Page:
By Kimberly Kwek – The Straits Times
Just hours after clinching a silver medal at the International Ice Hockey Federation (IIHF) Ice Hockey Under-20 Asia and Oceania Championship on Saturday (July 2), Singapore team captain Cael Chua was already thinking ahead to next year’s competition.
A 4-3 defeat by Thailand in the final saw them narrowly missing out on gold, and the national U-20 men’s team are plotting revenge as they target the title next year.
The 19-year-old said: “The team did well. Previously against Thailand, the scoreline was bad, maybe a difference of four to five goals. But from this, you can actually tell we’re improving and catching up with Thailand, who are one of the best in South-east Asia so next year we’ll try our best to get the gold medal.”
Competing at the Thailand International Ice Hockey Arena in Bangkok on Saturday, Singapore found themselves 2-0 up within the first six minutes thanks to goals from Benedict Qian and Joshua Chan, but the hosts drew level after two strikes by Thanachai Sakchaicharoenkul at the end of the opening period.
Thanachai put the Thais ahead in the 34th minute, but Singapore’s Lee Shaw Hsiang pulled one back to make it 3-3. A goal by Thailand’s Ramin Chan-Urai in the 55th minute then sealed the title for the home side.
Although this was the U-20 team’s first international competition, many of them have played together for some time and they also train with the national men’s team.
A number of players were also part of the national men’s ice hockey team who clinched a historic bronze medal at the Ice Hockey World Championship Division IV in March.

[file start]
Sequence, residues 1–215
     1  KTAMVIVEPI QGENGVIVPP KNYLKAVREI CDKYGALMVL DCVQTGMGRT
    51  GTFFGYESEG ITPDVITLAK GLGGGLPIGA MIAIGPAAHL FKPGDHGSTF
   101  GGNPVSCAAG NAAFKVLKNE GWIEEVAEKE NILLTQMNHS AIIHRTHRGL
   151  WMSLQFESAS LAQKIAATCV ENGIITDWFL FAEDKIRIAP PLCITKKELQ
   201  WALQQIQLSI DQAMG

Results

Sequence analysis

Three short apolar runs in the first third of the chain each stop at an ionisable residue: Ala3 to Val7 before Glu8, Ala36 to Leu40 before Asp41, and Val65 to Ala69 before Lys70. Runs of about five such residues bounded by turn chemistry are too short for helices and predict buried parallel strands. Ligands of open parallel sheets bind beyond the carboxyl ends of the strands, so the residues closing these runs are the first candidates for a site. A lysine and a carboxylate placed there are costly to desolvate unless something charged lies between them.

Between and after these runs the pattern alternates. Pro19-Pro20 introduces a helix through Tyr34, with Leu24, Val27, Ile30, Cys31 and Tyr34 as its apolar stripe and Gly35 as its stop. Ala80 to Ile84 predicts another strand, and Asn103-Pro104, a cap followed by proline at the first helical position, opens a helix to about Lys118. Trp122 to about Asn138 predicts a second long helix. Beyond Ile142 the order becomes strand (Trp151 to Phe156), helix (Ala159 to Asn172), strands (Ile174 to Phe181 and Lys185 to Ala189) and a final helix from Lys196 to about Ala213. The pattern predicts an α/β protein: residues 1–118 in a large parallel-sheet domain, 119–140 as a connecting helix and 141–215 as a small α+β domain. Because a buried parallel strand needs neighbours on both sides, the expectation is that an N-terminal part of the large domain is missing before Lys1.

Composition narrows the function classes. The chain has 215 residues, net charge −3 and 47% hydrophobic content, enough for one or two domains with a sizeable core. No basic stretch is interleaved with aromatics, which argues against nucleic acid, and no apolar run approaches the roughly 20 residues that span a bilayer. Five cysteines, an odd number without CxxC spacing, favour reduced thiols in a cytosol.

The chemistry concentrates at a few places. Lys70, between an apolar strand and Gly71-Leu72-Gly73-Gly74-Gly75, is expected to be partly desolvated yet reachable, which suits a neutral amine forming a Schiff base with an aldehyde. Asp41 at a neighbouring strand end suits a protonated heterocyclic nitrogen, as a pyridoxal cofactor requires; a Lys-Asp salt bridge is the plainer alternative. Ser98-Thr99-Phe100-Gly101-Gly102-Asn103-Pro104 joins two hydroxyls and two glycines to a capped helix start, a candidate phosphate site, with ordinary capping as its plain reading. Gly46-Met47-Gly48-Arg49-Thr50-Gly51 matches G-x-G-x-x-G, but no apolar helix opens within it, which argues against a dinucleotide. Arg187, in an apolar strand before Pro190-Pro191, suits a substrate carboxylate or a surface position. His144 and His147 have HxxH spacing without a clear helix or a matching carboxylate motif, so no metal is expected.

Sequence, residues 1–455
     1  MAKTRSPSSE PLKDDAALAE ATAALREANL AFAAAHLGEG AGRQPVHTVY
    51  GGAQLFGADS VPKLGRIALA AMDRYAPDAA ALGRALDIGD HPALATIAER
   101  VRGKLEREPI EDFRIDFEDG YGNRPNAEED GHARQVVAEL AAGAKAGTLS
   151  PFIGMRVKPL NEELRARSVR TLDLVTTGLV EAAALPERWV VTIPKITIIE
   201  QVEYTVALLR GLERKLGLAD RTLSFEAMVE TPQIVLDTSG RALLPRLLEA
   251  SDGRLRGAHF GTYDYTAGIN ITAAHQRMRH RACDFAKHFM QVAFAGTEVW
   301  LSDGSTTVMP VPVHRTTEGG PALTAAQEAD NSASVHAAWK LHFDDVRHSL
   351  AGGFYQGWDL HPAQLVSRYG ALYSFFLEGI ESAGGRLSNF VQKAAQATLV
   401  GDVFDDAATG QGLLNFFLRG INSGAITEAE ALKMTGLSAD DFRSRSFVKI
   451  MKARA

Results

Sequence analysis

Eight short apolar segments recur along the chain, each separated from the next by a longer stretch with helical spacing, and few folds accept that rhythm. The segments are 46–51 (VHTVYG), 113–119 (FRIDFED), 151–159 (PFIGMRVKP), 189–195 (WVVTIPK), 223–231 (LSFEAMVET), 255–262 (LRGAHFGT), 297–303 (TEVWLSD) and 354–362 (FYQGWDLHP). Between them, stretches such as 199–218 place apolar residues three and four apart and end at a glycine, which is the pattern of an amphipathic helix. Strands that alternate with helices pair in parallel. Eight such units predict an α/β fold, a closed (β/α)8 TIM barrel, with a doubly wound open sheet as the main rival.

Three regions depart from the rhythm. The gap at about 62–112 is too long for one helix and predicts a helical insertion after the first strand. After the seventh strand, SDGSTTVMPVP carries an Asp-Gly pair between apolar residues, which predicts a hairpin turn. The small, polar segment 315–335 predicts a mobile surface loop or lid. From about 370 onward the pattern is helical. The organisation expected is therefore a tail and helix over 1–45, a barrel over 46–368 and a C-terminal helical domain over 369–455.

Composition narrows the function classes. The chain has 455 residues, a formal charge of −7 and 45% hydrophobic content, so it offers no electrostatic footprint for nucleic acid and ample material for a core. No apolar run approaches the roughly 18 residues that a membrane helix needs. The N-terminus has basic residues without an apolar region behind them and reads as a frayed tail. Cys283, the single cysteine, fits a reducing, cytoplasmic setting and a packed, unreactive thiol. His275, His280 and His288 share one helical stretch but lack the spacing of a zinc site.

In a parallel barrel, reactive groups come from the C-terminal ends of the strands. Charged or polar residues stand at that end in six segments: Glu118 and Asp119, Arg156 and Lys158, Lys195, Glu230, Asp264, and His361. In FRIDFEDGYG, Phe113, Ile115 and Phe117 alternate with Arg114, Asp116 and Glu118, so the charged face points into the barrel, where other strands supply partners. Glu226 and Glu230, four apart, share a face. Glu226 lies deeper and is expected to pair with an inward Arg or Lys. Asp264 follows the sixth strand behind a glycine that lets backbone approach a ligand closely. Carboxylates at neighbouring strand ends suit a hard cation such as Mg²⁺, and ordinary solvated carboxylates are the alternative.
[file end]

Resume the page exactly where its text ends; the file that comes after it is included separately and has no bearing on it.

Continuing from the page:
Chua, a Ngee Ann Polytechnic student, said: “Most of us train together for the men’s team, so we have this chemistry and we’re always supporting each other and boosting each other’s morale.”
Teammate Joshua Chan, who finished the campaign as the tournament’s top scorer with 16 goals and was named its Most Valuable Player, noted how the team had to overcome challenges such as not enjoying the squad depth that other nations had.
While teams like Thailand had 18 players and two goaltenders, Singapore had 15 players and two goaltenders, which meant they could not make as many substitutions.
The Anglo-Chinese School (International) student, 18, said: “There’s a lot of physical contact, which makes us prone to a lot of injuries so in the final game we were missing a few key players.
“We just tackled it as a team – we have to give credit to our parents and team staff who kept us going and encouraged us as well as take care of our injuries.”
Head coach Joewe Lam praised his charges for their fighting spirit, which they displayed throughout the tournament.
Their 2-1 victory over Malaysia in the quarter-finals was achieved in extra-time, while they scored three goals in the final 10 minutes of the semi-final match against United Arab Emirates to win 4-3 and book their spot in the final.
Lam said: “Thailand were the overwhelming favourites, but they gave them a hard fight which is what we wanted to see. The players trusted my plan and we planned according to the opponent’s forte and had to counter that. I’m overall very satisfied with their performance.
“We are definitely not intimidated (when coming up against stronger teams). They never back down and always go in with that never-say-die attitude… they want to prove that ice hockey is a sport that can excel in Singapore.”